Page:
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Regulations for the Software Engineering M.A.Sc.

Program
Department of Computing and Software
McMaster University
CAS-2014-02

Introduction

This document contains the regulations for the M.A.Sc. program in Software Engineering at McMaster University. It supplements, but does not supersede, the general regulations for Masters programs at McMaster
University given in the School of Graduate Studies Calendar.
M.A.Sc. students must successfully complete the equivalent of four one-term graduate courses and prepare
and successfully defend an M.A.Sc. thesis.

Admission policy and admission standards

Applicants may be admitted to the M.A.Sc. program in Software Engineering if they have the equivalent of
a B.Eng. in Software Engineering with at least a B+ average from McMaster University.
In very general and broad terms, applicants are expected to have covered the following subjects in five
fundamental areas:
1. Mathematics:
a.
b.
c.
d.

Calculus 1, 2 and 3.
Scientific computation.
Linear algebra.
Introduction to discrete mathematics and predicate logic.

2. Basic Computer Science:


a. Introduction to programming.
b. Data structures.
c. Concurrent systems and operating systems.
3. Software Design and Documentation:
a. Specification and requirements.
b. Software design.
4. Engineering:
a. Controls.
b. Digital electronics.
5. Basic Science:

a. Physics.
b. Chemistry or Biology.
The Admission Authority1 determines if any action is needed to bring a candidates Software Engineering
knowledge to a reasonable level, and may require a candidate to take additional courses, see item 5 in Section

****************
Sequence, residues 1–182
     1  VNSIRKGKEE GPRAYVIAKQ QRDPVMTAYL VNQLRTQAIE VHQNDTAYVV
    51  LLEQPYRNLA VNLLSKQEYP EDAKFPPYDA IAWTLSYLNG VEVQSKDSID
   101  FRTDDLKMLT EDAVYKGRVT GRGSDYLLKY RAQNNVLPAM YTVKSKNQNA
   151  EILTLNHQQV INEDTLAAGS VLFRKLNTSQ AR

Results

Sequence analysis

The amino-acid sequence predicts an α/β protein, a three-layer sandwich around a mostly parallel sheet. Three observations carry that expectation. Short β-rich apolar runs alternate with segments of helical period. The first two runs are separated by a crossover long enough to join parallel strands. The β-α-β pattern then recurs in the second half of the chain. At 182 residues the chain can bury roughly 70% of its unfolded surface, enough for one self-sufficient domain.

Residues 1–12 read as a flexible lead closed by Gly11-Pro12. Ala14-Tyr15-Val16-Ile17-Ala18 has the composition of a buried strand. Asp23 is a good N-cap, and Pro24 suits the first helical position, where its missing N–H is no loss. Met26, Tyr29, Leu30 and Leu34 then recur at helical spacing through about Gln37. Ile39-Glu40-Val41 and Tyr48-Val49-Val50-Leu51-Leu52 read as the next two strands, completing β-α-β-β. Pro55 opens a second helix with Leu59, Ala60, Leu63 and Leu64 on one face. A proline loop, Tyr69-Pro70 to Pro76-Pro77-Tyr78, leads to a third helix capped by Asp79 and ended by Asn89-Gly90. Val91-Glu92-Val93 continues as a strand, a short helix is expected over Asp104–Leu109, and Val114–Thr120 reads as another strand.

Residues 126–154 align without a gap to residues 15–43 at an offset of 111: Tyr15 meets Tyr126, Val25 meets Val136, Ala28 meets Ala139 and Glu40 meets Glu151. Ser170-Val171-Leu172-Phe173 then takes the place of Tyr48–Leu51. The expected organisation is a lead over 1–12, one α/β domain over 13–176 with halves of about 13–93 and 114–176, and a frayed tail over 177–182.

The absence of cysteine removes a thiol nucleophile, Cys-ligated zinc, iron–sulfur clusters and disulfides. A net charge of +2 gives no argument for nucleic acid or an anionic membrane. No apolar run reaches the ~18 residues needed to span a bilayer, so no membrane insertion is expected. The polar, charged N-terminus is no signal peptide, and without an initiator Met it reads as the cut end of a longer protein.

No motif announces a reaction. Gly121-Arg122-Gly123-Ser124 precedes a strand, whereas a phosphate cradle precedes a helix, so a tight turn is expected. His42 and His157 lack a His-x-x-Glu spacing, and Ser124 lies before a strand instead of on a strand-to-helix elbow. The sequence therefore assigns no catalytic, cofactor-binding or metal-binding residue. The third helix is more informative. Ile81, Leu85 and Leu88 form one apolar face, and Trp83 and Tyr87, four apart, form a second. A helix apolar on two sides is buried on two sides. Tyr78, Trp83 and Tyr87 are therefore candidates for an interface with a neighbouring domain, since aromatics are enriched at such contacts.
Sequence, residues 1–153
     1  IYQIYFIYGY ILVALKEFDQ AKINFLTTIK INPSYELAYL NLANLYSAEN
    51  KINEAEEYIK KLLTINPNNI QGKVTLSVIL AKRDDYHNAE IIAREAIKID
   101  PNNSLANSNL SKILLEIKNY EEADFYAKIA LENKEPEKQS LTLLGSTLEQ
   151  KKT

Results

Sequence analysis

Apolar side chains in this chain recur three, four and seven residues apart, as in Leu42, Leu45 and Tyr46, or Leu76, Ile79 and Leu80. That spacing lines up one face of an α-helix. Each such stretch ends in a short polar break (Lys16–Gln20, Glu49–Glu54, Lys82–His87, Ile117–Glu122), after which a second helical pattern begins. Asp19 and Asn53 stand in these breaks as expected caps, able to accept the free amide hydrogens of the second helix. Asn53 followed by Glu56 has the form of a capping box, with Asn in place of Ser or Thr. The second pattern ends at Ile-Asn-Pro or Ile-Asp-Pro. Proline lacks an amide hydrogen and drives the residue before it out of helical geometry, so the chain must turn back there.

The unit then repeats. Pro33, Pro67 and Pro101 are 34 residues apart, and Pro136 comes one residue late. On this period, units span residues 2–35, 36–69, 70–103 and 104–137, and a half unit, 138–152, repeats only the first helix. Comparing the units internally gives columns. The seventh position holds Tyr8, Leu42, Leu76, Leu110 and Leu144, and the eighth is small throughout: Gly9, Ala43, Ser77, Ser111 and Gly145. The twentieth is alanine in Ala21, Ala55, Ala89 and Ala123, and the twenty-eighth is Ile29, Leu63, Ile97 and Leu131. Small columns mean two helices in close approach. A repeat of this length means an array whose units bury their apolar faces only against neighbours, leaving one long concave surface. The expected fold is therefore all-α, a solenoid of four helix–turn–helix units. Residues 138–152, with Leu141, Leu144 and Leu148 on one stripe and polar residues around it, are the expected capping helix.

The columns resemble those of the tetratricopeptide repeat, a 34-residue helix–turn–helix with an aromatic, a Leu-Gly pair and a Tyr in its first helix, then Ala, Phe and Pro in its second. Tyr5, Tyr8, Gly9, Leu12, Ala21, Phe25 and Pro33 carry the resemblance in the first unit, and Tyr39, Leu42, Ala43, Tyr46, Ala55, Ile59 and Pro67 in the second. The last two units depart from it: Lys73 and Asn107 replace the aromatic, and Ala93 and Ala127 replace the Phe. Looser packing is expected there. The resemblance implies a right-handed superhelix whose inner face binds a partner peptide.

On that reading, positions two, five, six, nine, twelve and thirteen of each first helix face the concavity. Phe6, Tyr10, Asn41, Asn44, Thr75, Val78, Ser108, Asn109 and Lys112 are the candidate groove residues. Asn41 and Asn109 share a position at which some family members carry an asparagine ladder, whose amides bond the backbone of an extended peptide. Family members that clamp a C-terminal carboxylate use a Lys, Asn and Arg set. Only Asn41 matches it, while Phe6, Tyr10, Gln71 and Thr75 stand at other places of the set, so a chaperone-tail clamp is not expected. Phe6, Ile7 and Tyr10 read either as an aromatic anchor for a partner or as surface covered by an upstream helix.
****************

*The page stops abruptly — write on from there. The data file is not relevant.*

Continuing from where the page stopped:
3 below.

Course requirements

All students must successfully complete the equivalent of four one-term graduate courses2 in Software Engineering, Computer Science, or relevant areas such as Electrical and Computer Engineering or Mathematics.
1.
2.
3.
4.
5.

701.
One of 702, 705, 706, or 708.
One of 703, 704, or 707.
One other course, freely chosen, may be at 600 level and/or outside of the department.
If requested by the Admission Authority (for candidates not fulfilling all the prescribed requirements
for admission), or if the Supervisor identifies a deficiency, a student may be required to take additional
courses, usually PUCs3 , to supplement their education.

In such cases the number of additional courses should normally be at most two, in some very exceptional
cases at most 4. A PUC may be replaced, when appropriate, by a PGC4 .
6. The selection of courses that are required for an individual student depends on the students background and research project. The selected courses should establish sufficient depth and breadth in
Software Engineering.
7. The student, with the approval of the Supervisor, proposes the course selection for approval by the
Department Chair or delegate.
8. Outstanding M.A.Sc. students may be allowed to transfer to a Ph.D. program of the Department when
they complete their course requirements with at least an A- average and demonstrate exceptional
progress in their research project. Transfer procedures are determined by the respective Ph.D. programs.